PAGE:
SWEETWATER TWP. — Within minutes of each racing event, the excited yapping of dogs could be heard, as the dogs and their owners prepared to compete for fastest speed.

The Sweetwater Challenge Sled Dog Race, presented by the Mid Union Sled Haulers (MUSH), was well attended this past weekend. MUSH racers, also called mushers, traveled as far as Virginia and Maryland to enjoy the recreation in the woods of western Lake County.

The annual winter event takes place on the Sweetwater non-motorized winter trail system along Wingleton and Stearns roads, a few miles west of Baldwin. This race, the last of the season, was set to take place on Feb. 9-10, but was rescheduled for March due to icy trail conditions.

Linda Lange, chair for the Sweetwater Challenge, said attendance was fair.

“We had the five-dog, seven-dog, three-dog, junior- and senior-dog events. We didn’t have skijoring this year (mushers on skis being pulled by dogs),” she said. “We had a fair turnout. Not a lot of people plan to race this late into March, and some didn’t come out because the weather was supposed to be bad on Sunday. Someone from the U.S. Forest Service checks on us to see if we are doing things according to a special permit we are required to have, because this trail is on federal land.”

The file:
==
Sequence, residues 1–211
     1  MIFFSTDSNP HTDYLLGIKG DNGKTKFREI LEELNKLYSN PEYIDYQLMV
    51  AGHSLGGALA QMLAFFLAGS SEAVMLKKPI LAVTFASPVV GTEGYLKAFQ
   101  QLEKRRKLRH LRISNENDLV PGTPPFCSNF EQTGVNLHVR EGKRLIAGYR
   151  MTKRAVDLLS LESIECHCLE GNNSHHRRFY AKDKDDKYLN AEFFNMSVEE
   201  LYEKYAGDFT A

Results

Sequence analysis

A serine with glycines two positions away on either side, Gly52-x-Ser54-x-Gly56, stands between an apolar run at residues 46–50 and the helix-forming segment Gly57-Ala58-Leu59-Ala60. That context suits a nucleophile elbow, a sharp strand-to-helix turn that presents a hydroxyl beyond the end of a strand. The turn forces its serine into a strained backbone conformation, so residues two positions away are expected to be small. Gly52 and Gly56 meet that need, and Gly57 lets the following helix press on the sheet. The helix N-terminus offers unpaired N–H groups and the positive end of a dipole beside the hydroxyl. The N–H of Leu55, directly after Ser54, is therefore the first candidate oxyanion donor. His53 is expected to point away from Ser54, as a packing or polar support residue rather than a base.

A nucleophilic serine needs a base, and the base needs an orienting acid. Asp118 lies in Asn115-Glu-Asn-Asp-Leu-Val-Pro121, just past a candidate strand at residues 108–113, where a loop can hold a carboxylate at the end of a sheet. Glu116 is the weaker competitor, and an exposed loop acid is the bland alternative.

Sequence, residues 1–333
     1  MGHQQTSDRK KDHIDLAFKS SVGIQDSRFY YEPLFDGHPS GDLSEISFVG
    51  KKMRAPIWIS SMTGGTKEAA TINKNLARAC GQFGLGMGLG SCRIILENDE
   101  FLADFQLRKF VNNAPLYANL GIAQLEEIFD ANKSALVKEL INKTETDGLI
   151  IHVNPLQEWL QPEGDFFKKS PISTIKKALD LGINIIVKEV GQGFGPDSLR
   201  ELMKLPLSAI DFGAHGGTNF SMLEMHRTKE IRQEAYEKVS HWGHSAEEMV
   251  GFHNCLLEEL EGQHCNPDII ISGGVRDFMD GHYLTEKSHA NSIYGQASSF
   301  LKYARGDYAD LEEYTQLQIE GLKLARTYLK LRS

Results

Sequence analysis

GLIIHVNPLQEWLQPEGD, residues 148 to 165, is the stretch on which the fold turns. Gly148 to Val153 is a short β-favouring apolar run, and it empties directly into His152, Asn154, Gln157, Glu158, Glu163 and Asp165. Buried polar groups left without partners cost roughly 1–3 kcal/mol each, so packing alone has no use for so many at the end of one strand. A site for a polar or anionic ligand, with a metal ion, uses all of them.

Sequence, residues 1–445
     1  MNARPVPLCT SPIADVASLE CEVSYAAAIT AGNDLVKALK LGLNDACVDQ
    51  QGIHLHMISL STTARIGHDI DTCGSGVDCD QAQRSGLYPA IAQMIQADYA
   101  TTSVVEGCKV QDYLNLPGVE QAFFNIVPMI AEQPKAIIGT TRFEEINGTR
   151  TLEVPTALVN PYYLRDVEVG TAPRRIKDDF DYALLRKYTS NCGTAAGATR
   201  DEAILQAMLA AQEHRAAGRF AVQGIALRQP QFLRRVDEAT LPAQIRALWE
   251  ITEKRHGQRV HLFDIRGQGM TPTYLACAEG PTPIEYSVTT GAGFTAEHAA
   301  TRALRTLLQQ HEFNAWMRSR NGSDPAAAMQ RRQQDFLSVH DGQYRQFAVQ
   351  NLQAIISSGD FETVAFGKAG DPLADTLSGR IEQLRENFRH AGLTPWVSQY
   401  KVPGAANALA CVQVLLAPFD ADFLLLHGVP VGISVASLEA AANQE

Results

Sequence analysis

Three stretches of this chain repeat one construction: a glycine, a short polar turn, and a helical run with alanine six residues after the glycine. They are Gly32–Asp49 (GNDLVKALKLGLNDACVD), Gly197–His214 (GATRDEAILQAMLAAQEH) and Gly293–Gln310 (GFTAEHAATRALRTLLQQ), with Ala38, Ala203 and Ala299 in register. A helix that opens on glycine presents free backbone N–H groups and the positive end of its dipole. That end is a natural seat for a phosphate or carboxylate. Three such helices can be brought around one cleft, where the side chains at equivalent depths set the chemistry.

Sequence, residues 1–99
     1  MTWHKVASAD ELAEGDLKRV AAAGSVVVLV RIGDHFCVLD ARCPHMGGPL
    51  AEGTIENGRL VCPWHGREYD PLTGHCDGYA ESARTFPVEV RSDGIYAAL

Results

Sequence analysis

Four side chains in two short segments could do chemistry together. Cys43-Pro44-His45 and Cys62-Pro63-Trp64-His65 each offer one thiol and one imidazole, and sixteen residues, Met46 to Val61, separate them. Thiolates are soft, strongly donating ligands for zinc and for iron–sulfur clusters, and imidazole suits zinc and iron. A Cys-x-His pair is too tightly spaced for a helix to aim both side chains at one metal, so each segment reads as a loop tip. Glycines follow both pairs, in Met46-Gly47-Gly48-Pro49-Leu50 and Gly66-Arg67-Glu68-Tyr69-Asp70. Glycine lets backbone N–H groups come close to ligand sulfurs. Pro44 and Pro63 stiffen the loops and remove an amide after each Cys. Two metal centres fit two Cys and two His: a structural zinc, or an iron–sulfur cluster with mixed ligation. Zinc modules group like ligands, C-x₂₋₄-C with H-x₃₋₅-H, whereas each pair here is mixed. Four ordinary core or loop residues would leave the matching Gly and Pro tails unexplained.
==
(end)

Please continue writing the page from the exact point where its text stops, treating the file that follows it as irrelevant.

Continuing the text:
Lange, as president of the Michigan Dog Drivers Association (MDDA), said the MDDA had worked hard to get the trail system designated, and the group maintains the trail in partnership with the U.S. Forest Service. The trail also is utilized by fat-tire bikers, snow-shoers and skiers, she added.

Ted and Ann Nelson came from Howard City to race in the event.

“We race every year and train in the fall,” Ann said. “This winter has been bad with ice, and if it is icy, we don’t run the dogs. It is too dangerous,” she said. “We have been racing for 20 years and we love it. It is kind of sad we’re getting to the age we won’t race much longer, but our son is carrying on and his dogs are from the same line as ours.”

Sauble Township Clerk Gail Raad was one of the spectators.

“This is a once in a lifetime experience. You don’t need to go to Alaska to enjoy sled dog racing. You can enjoy it in Branch, Michigan,” she said. “I love the dogs. They’re beautiful.”